### SAS FAQ How do I write a fixed-format file with right-justified values?

Given a dataset in SAS, you may wish to write out your data to a fixed format file.  If you use the column placement method found in the first example in SAS FAQ: How do I write out a fixed-format file?, your variables will be left-justified.  If you wish for your variables to be right-justified (perhaps to meet the read-in specifications of another software program), you can do so by using the -R option in the put statement, which will write out your variables to be right justified.

data hsb2;
input  id female race ses prog
sub1 sub2 sub3 sub4 sub5;
datalines;
70 0 4 1 1 57 52 41 47 57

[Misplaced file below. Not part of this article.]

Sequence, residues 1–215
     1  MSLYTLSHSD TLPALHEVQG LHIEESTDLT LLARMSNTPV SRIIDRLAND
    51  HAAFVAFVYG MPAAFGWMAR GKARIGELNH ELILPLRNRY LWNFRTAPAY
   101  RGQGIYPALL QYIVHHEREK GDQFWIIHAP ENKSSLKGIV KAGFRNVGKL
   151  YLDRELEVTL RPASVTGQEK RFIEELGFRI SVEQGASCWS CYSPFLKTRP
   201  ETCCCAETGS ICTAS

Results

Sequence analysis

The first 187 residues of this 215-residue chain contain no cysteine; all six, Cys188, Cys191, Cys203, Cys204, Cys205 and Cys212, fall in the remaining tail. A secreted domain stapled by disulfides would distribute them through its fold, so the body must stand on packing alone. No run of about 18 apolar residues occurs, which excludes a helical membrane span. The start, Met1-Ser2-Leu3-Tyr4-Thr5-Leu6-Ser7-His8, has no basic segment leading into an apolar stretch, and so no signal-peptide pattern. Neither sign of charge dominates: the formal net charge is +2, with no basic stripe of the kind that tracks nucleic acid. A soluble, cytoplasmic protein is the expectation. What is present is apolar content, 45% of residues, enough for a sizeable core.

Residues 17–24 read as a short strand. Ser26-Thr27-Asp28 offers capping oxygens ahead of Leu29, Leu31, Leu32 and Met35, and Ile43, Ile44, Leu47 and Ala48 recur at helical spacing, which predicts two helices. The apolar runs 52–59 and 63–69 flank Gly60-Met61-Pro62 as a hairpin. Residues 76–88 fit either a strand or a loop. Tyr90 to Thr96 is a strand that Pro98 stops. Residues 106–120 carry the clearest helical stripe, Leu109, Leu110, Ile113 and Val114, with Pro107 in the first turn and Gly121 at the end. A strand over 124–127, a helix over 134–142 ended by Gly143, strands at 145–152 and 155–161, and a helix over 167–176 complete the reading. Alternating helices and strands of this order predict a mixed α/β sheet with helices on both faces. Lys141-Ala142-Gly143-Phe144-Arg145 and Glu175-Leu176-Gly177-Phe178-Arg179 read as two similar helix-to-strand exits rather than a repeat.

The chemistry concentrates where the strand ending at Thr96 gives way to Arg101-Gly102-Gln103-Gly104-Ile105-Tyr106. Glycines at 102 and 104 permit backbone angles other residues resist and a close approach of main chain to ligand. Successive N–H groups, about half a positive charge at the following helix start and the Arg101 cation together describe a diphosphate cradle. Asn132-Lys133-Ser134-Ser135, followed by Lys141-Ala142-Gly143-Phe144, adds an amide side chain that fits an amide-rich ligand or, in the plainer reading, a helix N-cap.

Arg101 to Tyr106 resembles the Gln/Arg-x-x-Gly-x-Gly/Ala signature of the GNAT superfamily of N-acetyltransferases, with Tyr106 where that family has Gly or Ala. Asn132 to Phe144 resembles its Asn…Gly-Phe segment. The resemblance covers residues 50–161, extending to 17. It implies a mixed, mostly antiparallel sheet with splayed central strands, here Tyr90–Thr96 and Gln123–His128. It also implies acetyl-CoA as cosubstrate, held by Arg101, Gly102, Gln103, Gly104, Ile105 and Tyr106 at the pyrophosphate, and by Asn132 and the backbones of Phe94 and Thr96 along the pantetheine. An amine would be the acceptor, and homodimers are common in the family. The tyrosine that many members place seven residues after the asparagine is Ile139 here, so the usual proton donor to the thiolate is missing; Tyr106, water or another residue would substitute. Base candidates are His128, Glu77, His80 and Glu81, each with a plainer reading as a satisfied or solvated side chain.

121 1 4 2 3 68 59 53 63 61
86 0 4 3 1 44 33 54 58 31
141 0 4 3 3 63 44 47 53 56
172 0 4 2 2 47 52 57 53 61
113 1 4 2 2 44 52 51 63 61
50 0 3 2 1 50 59 42 53 61
11 0 1 2 2 34 46 45 39 36
84 0 4 2 1 63 57 54 51 63
48 1 3 2 2 57 55 52 50 51
75 1 4 2 3 60 46 51 53 61
60 1 4 2 2 57 65 51 63 61
95 0 4 3 2 73 60 71 61 71
104 0 4 3 2 54 63 57 55 46
38 0 3 1 2 45 57 50 31 56
115 0 4 1 1 42 49 43 50 56
76 0 4 3 2 47 52 51 50 56
195 0 4 2 1 57 57 60 56 52
;
run;

filename out "C:\hsb_ff.txt";

data _null_; set hsb2;
file out;
put (id female race ses prog sub1 sub2 sub3 sub4 sub5) (4. -R);
run;


We can see the values as they appear in our output file:

Using the -R, -C, and -L options in the put statement allow you to justify your variables differently within the same file, if desired. For example, if we wished for our first two variables to be left-justified and the other variables to be right justified, we could use the put statement below.

put (id female)(4. -L) (race ses prog sub1 sub2 sub3 sub4 sub5) (4. -R);

The content of this web site should not be construed as an endorsement of any particular web site, book, or software product by the University of California.